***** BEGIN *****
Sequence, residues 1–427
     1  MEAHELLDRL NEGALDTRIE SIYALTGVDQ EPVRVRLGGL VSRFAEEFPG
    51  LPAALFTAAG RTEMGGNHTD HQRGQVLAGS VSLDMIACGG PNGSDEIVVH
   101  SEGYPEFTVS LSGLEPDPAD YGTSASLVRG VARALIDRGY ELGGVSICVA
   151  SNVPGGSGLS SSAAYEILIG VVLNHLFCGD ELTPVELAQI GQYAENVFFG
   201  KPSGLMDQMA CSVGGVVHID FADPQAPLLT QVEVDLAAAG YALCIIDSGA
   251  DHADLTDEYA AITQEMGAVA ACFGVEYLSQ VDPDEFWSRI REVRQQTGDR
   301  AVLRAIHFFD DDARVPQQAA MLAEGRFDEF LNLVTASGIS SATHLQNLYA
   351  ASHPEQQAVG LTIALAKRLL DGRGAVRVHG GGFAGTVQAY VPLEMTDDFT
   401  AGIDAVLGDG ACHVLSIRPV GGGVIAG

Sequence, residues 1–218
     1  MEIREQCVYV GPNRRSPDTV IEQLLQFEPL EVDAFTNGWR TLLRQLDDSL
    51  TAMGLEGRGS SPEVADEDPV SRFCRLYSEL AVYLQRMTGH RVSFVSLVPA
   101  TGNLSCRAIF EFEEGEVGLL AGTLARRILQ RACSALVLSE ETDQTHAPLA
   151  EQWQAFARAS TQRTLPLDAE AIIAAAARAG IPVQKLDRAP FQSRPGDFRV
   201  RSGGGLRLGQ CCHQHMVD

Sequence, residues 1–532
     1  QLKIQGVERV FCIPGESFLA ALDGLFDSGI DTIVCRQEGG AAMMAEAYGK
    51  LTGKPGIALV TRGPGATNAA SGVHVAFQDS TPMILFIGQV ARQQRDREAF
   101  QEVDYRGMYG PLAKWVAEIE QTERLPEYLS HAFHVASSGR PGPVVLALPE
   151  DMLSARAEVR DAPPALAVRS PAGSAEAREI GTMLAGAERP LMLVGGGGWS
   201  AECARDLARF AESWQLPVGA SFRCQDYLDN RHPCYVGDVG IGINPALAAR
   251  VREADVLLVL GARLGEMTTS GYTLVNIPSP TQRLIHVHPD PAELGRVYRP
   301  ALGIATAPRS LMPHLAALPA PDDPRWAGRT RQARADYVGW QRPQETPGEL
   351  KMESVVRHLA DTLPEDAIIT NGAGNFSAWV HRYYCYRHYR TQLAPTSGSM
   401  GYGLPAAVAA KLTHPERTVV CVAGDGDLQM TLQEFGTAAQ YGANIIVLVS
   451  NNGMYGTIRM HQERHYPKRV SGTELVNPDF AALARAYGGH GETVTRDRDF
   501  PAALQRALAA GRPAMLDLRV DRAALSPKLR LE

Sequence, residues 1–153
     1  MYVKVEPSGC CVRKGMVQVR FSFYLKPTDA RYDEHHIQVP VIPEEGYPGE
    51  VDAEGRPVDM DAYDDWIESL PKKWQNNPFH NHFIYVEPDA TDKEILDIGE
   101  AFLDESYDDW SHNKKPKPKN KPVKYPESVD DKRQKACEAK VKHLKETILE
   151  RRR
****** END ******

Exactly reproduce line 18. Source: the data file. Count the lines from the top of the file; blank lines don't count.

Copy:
     1  QLKIQGVERV FCIPGESFLA ALDGLFDSGI DTIVCRQEGG AAMMAEAYGK